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    Re: Sun Moon Lunars to 155 degrees
    From: George Huxtable
    Date: 2010 Apr 3, 00:46 +0100

    After a bit of reflection, I think I understand what Antoine is doing with 
    Bayly's observations in Uliatea. Let me try to explain it, in my own words, 
    to see if I have it right.
    At some moment three observers measure the lunar distance and the altitudes 
    of Sun and Moon. Those altitudes don't need to be known to great precision, 
    for that purpose, because they are only used to make a small correction to 
    the lunar distance.
    Then this lunar distance is compared with a modern ephemeris, via Frank 
    Reed's lunar calculator, to provide a value for GMT at the moment of 
    Then, from that modern ephemeris, at that GMT, we can predict the position, 
    in GHA and dec., of both Sun and Moon. If we then use the observed 
    altitudes of Sun and Moon, at that same moment, as the basis for a fix, 
    there are only two places on Earth where those altitudes apply, at that 
    GMT, and the other, false-fix, is thousands of miles away and we can forget 
    about it. So we have found a true position in one go, without having to 
    make prior assumptions about latitude, or anything else. And if we noted 
    the chronometer reading at the same moment, we have also determined its 
    The main inaccuracy involved is in the measurement of the lunar distance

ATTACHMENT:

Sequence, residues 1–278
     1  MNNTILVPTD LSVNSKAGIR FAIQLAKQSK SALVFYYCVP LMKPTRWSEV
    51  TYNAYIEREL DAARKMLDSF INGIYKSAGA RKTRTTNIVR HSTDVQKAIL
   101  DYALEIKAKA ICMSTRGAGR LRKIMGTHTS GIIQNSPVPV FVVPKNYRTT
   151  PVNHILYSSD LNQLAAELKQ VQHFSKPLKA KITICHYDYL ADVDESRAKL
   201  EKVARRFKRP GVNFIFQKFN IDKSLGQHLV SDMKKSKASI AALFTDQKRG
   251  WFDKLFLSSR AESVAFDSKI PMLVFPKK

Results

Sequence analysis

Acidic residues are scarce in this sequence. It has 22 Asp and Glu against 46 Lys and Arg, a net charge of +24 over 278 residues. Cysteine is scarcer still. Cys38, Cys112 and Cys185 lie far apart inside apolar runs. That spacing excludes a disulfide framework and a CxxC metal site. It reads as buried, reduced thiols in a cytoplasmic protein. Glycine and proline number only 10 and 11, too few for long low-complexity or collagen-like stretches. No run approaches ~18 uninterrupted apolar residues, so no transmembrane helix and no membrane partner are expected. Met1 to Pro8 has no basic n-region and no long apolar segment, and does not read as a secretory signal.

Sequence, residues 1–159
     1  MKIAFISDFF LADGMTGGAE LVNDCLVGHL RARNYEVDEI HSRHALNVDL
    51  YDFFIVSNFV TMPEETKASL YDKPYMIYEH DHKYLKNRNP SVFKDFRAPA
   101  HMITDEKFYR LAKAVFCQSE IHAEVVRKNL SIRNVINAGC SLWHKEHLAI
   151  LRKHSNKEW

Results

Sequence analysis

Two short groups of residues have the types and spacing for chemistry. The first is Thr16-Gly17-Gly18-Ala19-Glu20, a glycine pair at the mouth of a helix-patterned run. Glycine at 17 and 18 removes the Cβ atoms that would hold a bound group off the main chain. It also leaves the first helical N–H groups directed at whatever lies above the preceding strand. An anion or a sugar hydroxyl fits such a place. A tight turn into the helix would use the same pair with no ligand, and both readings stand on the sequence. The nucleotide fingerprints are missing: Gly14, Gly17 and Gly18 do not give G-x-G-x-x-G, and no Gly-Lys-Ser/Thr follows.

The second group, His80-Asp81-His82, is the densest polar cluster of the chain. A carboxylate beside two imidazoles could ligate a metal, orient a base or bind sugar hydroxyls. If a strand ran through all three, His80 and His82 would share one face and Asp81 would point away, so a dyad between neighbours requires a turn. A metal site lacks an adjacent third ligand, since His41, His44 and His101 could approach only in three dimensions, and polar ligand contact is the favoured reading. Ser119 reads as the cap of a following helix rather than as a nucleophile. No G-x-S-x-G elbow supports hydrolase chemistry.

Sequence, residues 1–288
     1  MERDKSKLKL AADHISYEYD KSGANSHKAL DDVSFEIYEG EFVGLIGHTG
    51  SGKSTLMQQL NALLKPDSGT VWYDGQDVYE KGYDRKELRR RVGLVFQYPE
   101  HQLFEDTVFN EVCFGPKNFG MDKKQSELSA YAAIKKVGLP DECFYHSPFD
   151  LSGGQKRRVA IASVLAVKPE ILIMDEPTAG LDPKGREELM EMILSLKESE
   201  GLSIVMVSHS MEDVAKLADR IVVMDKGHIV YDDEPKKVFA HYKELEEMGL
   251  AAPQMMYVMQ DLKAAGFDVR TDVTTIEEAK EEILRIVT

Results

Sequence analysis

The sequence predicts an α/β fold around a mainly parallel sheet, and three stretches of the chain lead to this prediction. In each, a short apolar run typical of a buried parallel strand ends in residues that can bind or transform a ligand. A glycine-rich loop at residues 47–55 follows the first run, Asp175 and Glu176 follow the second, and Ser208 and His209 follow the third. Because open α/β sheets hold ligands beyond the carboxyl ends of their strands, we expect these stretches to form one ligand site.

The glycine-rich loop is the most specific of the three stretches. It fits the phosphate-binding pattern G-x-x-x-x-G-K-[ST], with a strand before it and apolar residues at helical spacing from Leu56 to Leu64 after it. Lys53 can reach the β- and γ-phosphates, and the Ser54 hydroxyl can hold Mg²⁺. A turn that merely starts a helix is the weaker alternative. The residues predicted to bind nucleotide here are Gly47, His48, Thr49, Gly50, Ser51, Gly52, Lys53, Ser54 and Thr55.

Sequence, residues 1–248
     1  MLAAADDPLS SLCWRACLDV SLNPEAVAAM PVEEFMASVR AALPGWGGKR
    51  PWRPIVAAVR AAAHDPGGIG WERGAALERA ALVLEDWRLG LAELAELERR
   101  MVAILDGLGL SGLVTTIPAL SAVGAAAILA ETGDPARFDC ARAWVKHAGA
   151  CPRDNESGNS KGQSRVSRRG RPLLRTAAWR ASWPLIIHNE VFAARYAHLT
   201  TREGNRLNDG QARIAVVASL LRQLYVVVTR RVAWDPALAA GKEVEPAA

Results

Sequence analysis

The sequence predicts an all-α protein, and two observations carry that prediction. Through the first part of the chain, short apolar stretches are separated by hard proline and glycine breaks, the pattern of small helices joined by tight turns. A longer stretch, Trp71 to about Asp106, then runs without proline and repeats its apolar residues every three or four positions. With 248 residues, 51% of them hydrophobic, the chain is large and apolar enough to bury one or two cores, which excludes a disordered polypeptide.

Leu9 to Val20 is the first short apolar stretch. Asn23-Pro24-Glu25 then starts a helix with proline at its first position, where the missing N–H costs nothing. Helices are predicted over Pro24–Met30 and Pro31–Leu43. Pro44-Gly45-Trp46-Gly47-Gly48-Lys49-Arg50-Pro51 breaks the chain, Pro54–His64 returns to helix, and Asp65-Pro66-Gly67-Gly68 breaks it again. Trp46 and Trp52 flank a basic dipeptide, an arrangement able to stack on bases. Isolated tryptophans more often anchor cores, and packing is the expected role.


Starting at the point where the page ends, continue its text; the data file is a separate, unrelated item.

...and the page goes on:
itself, and each arc-minute of error in that will give rise to about 2 
    minutes in the time, or 30 arc-minutes in the resulting longitude.
    In this modern era, we can apply this technique to Bayly's data, rather 
    more precisely than he could in his own time, because we have a lunar 
    ephemeris that's free of the systematic errors that bedevilled Maskelyne's 
    almanac. Also, we know the Moon position, in dec. and GHA, much more 
    precisely than did Bayly. For him, the Moon coordinates were predicted just 
    twice a day, and the Moon shifts in the sky so curvaceously that a linear 
    interpolation within that 12-hour gap could on its own give rise to errors 
    of a couple of arc-minutes.
    That would work well from out at sea. But there's a big snag in applying it 
    to that harbour in Uliatea. The moon was somewhere to the North-West, and 
    presumably a distant horizon could be seen, from the height of the poop, 
    over the low reef, to measure the Moon altitude up from. So, no real 
    problem with the Moon. However, the Sun was in a direction of 
    East-Northeast, or thereabouts, so the near island got in the way of seeing 
    a horizon beneath it. Indeed, I have a sketch of the profile of the island, 
    drawn from a simlar anchorage-point on Cook's previous visit, four years 
    earlier. (I get more and more impressed by the standard of documentation of